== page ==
Immigration Reform

Employer Sanctions and the Question of Discrimination Gao ID: GGD-90-62 March 29, 1990

Pursuant to a legislative requirement, GAO reviewed implementation and enforcement of Immigration Reform and Control Act of 1986 (IRCA) provisions regarding sanctions against employers who knowingly hire unauthorized workers, focusing on: (1) the act's implementation; (2) whether the act caused a widespread pattern of discrimination against U.S. citizens or other eligible workers; and (3) whether the act caused an unnecessary burden on employers.

GAO found that: (1) the law reduced illegal immigration and did not pose an unnecessary burden on employers; (2) federal agencies generally carried out the law; and (3) the law had generally not been used as a vehicle to file frivolous complaints against employers. GAO also found that: (1) it was difficult to determine whether discrimination was a direct result of IRCA; (2) 65 percent of employers reported that they complied with IRCA; (3) persons of Hispanic and Asian origin suffered higher levels of discrimination; (4) because of the law, about 10 percent of employers began one or more discriminatory practices; (5) 78 percent of employers wanted simpler or better employee verification systems, and more employers that reported discriminatory practices desired such changes than those that did not report discrimination; and (6) about 9 percent of employers said that they only hired U.S.-born persons or did not hire persons with temporary work eligibility documents.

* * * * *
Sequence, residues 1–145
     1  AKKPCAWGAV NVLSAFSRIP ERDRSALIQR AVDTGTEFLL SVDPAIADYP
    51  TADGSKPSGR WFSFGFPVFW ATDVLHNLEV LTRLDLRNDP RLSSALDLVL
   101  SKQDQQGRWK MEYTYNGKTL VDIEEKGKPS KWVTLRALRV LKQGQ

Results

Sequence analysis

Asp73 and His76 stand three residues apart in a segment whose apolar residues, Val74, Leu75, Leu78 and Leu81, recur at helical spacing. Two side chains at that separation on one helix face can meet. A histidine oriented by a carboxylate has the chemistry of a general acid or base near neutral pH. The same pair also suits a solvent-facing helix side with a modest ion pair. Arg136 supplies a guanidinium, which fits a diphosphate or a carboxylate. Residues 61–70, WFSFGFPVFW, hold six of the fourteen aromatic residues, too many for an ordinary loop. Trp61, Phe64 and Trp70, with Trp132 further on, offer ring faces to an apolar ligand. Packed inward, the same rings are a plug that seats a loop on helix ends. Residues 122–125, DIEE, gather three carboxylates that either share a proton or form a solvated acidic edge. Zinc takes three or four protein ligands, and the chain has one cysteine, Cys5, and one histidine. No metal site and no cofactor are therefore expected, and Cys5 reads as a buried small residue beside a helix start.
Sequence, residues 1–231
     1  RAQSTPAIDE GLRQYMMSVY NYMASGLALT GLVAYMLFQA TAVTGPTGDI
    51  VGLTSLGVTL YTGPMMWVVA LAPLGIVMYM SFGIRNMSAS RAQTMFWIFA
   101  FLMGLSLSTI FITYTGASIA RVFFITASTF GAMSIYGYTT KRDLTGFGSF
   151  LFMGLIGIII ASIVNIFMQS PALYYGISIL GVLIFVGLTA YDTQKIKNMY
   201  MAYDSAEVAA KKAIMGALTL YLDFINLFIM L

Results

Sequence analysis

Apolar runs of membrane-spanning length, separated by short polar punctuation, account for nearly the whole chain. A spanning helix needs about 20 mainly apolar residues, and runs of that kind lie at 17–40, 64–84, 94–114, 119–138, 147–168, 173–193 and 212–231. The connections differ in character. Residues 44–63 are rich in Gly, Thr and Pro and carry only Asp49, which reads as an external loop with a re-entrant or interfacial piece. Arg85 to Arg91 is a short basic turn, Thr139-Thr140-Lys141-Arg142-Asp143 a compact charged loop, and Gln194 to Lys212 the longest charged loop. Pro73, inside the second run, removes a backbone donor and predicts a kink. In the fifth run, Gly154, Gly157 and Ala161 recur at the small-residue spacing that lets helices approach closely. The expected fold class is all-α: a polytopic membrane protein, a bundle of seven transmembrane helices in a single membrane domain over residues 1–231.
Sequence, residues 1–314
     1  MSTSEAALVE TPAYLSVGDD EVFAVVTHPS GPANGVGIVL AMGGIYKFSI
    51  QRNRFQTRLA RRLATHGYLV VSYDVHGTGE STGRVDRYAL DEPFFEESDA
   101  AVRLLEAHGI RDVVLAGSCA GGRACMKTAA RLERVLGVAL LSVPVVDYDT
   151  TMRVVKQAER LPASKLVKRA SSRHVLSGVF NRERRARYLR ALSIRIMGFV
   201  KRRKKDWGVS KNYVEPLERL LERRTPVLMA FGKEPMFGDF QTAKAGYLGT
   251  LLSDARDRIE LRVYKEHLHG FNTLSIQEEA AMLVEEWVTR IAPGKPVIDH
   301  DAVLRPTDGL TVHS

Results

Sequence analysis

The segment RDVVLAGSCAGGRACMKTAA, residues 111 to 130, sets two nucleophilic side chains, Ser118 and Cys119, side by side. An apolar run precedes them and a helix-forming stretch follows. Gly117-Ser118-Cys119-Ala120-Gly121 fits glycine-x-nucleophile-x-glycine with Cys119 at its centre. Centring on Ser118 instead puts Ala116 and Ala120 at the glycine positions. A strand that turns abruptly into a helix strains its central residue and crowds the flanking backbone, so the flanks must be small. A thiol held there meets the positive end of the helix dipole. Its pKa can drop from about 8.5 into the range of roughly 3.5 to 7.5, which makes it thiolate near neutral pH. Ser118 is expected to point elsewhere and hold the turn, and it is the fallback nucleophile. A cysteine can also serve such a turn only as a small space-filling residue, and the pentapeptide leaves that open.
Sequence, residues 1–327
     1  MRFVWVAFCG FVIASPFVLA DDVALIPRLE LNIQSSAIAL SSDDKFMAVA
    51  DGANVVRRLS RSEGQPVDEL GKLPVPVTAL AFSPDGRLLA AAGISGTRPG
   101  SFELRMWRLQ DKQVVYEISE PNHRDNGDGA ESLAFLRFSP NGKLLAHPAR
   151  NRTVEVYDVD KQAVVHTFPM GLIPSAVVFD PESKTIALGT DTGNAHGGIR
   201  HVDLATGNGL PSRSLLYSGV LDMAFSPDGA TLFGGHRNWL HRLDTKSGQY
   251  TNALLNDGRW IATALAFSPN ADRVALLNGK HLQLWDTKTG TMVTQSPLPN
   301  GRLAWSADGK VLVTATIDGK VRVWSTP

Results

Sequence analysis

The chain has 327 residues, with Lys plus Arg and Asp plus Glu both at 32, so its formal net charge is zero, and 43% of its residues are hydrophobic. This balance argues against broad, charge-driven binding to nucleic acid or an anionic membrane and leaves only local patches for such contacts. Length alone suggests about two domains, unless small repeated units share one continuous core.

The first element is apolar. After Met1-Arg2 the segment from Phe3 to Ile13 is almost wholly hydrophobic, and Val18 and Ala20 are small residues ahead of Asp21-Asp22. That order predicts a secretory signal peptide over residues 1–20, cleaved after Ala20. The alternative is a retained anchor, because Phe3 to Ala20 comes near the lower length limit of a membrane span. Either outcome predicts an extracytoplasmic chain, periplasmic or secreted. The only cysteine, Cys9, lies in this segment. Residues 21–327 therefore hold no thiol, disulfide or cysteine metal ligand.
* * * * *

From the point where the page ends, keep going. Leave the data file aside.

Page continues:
Our recommendations from this work are listed below with a Contact for more information. Status will change from "In process" to "Open," "Closed - implemented," or "Closed - not implemented" based on our follow up work.

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